No Fault for Medical Injury: Theory and Evidence
University of Cincinnati Law Review, Vol. 67, 1998
Posted: 1 Mar 1999
This article presents new administrative and empirical evidence from a multi-year study of the only two operational medical no-fault programs in the U.S. Virginia and Florida in the late 1980s began covering children with severe birth-related neurological injuries on a no-fault basis. The study surveyed the two programs, affected parties, and observers, drawing empirical comparisons with tort performance using Florida's unusual data base of all closed malpractice claims. Background is provided on both the theory of no fault and prior experience in Workers' Compensation and auto no fault.
No fault theory promises to improve both compensation and deterrence. Compensation, by lowering administrative costs, speeding resolution of claims, and covering more injuries. Deterrence, at least in some forms of no fault, by clarifying standards of responsibility, reducing the perceived erraticness of determinations, and by experience rating premiums. For Virginia and Florida, however, the primary goal was akin to tort reform--to maintain affordable obstetrical liability coverage for physicians, which in the late 1980s was jeopardized by very expensive "bad baby" cases.
Success was achieved by taking a narrowly defined category of expensive neurological injuries out of tort. Almost all physicians participate, voluntarily paying assessments for tort protection. Malpractice premiums have dropped relative to the nation at large. Other achievements include delivering higher compensation relative to need than do comparable tort claims; doing so at extremely low overhead cost, especially for attorneys' fees on both sides; and resolving claims filed far faster than for tort. Moreover, no-fault administration functions reasonably well, and cases do not normally seem to be difficult to resolve even with minimal process. Most physicians and claimants express satisfaction with the no fault experience, but the same is true for similar obstetrical claimants under tort.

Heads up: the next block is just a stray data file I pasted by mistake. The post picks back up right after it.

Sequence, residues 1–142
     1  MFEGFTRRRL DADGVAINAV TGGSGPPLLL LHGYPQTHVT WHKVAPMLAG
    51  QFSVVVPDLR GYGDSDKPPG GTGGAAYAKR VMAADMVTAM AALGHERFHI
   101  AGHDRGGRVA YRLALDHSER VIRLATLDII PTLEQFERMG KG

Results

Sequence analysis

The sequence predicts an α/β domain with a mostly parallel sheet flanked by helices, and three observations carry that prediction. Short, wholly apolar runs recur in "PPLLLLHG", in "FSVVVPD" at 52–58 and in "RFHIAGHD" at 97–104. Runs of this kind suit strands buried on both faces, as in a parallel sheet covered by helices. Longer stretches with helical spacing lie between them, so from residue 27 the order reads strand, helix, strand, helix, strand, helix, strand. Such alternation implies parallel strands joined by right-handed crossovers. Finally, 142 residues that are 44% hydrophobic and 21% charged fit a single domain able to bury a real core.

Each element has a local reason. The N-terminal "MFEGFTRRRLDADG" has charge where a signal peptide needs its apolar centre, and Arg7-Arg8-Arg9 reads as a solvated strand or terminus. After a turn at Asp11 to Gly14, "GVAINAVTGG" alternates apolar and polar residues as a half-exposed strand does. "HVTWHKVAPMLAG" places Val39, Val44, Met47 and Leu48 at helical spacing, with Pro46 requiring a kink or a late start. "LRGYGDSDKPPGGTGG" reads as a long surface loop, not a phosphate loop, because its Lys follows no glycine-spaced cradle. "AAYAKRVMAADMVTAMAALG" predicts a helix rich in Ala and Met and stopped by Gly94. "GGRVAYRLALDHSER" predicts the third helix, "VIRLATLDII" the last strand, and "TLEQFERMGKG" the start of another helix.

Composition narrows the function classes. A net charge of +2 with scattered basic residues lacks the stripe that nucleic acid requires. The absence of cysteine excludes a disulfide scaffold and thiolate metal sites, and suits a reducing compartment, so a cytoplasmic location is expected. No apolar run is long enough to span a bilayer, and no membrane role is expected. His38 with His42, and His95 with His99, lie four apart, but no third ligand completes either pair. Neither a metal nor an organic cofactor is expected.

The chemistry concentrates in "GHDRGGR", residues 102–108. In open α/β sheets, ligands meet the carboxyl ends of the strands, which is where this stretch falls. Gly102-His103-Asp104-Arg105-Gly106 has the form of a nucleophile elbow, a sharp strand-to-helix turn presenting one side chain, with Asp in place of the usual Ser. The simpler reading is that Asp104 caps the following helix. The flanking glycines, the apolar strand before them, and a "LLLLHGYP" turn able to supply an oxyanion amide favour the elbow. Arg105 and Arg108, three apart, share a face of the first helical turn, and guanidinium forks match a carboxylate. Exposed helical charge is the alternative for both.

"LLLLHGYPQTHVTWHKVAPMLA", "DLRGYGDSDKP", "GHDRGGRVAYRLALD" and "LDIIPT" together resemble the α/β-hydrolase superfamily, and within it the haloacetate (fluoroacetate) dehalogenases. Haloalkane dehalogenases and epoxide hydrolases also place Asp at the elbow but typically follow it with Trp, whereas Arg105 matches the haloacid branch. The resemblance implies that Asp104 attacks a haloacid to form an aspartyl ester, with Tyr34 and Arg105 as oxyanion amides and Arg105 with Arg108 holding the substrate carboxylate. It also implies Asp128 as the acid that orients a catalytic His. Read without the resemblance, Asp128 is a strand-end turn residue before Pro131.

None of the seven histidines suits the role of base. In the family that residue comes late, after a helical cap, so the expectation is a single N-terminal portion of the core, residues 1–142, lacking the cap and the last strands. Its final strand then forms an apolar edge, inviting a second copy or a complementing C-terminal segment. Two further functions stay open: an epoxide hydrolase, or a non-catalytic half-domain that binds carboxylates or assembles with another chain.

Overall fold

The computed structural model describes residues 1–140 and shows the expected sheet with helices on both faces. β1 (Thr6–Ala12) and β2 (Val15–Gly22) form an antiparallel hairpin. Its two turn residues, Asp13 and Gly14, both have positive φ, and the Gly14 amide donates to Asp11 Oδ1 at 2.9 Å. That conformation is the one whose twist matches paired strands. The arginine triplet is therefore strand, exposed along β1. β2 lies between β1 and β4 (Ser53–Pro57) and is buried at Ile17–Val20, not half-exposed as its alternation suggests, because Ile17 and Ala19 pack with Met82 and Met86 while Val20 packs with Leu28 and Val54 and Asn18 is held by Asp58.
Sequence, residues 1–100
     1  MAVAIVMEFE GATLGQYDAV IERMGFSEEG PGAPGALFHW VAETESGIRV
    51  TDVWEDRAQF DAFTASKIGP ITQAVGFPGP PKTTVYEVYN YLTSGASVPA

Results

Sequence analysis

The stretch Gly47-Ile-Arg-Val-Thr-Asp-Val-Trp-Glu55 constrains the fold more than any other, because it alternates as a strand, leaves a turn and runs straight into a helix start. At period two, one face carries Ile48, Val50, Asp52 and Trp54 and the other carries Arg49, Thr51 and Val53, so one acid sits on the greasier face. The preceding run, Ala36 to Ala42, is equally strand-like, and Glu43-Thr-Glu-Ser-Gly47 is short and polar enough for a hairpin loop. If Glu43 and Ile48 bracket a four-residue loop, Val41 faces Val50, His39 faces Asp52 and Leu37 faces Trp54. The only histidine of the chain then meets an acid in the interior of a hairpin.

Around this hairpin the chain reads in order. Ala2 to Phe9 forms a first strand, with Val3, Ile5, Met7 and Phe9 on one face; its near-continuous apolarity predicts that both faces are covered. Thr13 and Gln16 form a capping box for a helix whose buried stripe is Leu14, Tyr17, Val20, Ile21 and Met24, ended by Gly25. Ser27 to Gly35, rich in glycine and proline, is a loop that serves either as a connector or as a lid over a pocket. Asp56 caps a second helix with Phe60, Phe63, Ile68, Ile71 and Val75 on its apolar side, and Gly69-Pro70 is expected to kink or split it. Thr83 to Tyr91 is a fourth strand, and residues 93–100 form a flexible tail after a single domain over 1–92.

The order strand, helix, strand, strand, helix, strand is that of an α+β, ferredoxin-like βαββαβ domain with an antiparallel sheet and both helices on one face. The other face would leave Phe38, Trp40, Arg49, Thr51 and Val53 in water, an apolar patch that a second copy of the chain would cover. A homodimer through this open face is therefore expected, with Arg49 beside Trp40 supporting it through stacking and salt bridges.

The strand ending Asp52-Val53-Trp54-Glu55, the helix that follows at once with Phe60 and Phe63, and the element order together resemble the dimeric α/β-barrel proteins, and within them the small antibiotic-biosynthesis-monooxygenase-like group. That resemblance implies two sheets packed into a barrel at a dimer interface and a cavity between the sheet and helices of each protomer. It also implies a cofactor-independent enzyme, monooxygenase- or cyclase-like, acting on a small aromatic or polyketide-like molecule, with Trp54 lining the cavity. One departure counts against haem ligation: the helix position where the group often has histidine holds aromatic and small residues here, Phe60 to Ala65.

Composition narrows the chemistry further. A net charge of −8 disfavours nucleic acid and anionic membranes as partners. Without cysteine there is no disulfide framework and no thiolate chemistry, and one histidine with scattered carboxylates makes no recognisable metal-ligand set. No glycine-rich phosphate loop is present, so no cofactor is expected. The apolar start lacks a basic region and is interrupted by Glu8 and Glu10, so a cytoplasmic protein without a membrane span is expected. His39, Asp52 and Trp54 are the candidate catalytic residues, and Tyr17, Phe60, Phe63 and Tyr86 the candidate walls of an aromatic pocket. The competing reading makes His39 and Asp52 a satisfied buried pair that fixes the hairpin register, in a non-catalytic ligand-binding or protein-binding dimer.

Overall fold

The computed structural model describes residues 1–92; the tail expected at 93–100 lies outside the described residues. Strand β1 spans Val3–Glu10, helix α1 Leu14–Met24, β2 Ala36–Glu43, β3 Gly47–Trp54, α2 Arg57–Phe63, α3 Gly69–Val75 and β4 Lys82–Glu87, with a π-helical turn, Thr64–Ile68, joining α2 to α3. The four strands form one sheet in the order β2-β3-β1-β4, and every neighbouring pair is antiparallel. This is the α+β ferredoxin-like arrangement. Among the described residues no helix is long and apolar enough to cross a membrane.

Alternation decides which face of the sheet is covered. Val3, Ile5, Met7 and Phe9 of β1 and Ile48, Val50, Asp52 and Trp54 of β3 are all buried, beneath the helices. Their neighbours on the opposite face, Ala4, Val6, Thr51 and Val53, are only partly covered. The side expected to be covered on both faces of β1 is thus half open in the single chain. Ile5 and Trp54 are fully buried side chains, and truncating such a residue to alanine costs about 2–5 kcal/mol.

On the negative side, the programs have remained even smaller than expected for their narrow design. More claims come forward than for comparable earlier tort cases, but many fewer than the number of families with severe birth-related neurological injuries, especially cerebral palsy--and minuscule relative to medical injuries more generally. Caseload is far too small to permit experience rating or any activist approach to risk management or quality assurance. Further, the programs have not eliminated tort, even for costly obstetrical injuries, and no-fault claimants' continue to rely on plaintiffs' attorneys to guide their choice of forum. Indeed, the Supreme Court of Florida authorized claimants to go straight to courts, an approach understandably favored by trial attorneys. (A 1998 legislative amendment sought to reassert the primacy of no fault.)
Thus, no fault failed to make compensation broadly available, and its small size also prevents experience rating and risk management to improve deterrence. Moreover, the continuation of tort for uncovered obstetrical injuries continues incentives for defensive practices and may well inhibit practitioners from referring injuries to no fault lest they wind up in court. As often happens, success or failure depends on the details of implementation. Better understanding should allow others to refine no-fault programs to better meet their proponents' objectives.
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